- The Sunday Telegraph reported that Dominic Cummings, PM Johnson’s chief aide, will ‘spearhead plans for radical reforms to the civil service, including the processes for hiring and firing officials.’
- With reports that up to a third of cabinet members are facing ‘the sack’, a new Boris Johnson Cabinet will be announced in early February, once the UK leaves the EU on 31 January. A budget is then expected to take place later in February/early March.
- A minor cabinet shuffle will take place today to account for the loss of Culture Secretary, Nicky Morgan and Welsh Secretary, Alun Cairns – both no longer serving as MPs.
The Election and Australia
- In a tweet on Friday, PM Scott Morrison congratulated PM Boris Johnson on a ‘resounding victory’ and in reference to his recent election campaign, said to say ‘G’day to the quiet Britons for us.’
- Trade Minister Simon Birmingham said, “the second Britain is ready, Australia stands ready to shift into formal negotiations” [for a bilateral trade and investment deal].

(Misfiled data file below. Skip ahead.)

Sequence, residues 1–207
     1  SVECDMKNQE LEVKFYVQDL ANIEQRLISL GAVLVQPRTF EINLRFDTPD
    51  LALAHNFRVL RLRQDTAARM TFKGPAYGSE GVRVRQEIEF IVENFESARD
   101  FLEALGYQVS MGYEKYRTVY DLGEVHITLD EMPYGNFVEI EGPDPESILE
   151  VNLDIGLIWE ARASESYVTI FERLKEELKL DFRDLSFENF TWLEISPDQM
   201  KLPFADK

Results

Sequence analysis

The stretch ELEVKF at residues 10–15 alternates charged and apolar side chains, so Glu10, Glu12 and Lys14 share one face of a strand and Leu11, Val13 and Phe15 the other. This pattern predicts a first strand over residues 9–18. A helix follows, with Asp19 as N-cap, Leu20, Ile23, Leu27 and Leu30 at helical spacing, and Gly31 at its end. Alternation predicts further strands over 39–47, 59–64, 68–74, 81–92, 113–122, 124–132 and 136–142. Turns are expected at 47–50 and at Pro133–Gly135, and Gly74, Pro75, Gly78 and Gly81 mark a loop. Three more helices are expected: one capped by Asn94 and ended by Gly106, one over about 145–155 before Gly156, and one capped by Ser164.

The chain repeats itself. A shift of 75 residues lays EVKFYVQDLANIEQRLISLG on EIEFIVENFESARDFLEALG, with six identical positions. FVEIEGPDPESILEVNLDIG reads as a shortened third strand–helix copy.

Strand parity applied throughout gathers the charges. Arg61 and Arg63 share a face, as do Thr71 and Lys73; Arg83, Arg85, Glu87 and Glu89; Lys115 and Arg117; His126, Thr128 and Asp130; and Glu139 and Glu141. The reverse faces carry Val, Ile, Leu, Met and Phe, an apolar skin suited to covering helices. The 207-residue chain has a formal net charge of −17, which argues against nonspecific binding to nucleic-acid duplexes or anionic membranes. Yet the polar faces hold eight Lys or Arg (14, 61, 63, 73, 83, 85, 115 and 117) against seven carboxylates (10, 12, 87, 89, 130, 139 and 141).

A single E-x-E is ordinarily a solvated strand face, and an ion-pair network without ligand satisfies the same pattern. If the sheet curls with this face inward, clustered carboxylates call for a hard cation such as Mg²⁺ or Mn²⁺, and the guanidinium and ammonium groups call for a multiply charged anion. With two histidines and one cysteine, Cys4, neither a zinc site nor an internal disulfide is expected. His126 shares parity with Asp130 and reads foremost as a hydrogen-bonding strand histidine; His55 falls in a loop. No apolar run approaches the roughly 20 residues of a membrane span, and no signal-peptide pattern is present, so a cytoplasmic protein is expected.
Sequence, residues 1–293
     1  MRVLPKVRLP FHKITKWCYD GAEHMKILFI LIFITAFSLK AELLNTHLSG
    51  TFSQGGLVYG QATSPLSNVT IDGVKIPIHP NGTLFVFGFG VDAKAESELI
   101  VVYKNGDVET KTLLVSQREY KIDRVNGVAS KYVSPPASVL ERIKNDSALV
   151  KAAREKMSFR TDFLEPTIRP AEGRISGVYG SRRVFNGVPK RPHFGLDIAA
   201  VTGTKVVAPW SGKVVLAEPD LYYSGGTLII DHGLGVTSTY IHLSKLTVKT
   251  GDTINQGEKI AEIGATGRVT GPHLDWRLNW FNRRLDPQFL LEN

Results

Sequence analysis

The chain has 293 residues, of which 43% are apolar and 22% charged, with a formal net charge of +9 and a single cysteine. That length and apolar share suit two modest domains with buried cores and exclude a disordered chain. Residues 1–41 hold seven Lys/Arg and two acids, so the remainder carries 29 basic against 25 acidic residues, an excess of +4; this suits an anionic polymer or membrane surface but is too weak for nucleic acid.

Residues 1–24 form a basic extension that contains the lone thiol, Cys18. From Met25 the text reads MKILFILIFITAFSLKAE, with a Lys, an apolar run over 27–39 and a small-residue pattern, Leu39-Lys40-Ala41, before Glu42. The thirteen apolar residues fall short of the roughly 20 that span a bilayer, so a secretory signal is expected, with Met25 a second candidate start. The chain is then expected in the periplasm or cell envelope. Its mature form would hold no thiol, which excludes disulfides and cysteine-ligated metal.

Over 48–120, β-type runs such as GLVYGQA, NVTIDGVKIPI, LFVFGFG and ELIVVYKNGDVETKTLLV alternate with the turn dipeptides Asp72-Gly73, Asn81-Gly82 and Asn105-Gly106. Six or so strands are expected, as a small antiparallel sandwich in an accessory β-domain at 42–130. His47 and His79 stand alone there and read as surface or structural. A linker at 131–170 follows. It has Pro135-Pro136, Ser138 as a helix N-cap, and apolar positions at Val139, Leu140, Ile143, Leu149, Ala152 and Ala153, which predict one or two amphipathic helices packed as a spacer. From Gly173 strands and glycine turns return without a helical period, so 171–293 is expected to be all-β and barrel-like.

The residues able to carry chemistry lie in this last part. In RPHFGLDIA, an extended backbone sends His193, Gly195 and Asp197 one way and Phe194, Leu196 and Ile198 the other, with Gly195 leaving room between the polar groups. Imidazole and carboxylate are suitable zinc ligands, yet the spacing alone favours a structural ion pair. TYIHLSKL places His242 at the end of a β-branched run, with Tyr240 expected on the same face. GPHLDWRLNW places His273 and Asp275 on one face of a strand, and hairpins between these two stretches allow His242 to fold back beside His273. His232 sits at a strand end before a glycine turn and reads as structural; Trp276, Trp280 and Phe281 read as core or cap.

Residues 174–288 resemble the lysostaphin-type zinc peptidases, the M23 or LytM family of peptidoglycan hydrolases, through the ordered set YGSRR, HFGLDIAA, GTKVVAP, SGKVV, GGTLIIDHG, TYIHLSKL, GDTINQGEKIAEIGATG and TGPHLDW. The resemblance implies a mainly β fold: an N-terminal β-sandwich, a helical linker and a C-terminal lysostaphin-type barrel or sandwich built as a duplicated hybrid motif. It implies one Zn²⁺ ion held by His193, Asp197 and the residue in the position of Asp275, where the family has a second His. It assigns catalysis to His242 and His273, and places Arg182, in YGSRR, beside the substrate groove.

- Once the UK formally leaves the EU on 31 January, Australia and the UK can begin formal negotiations for a Free Trade Agreement (FTA).
- The UK has set out its priority to secure post-Brexit trade deals with Australia, the United States, New Zealand and Japan. Under the terms of the UK’s withdrawal from the EU, the UK will legally be allowed to negotiate, conclude and ratify such deals, but only able to implement them once a UK/EU FTA is secured.
- Negotiations for an Australian/EU FTA will also continue.
Key Figures from the Election
*Sinn Fein does not take its seats in the House of Commons.
We thank those of you who joined us on Friday for our Election Day Event in Melbourne. Thanks also to ABCC Corporate Member Telstra’s Tully Smith and UK Consul General to Victoria, South Australia and Tasmania Chris Holtby OBE. For photos of the day, please visit our Photo Library.
The ABCC on Brexit and a future Australia/UK FTA
The ABCC will continue to follow these developments closely. We look forward to keeping members up to date with the very latest from London and what it possibly means for the Australian-British business community.
Earlier ABCC Brexit updates can be found on the ABCC Blog.
If you would like to receive more frequent updates or have any questions, please feel free to contact our office on firstname.lastname@example.org.
By Paul O’Hagan, General Manager (VIC, SA, WA), Australian British Chamber of Commerce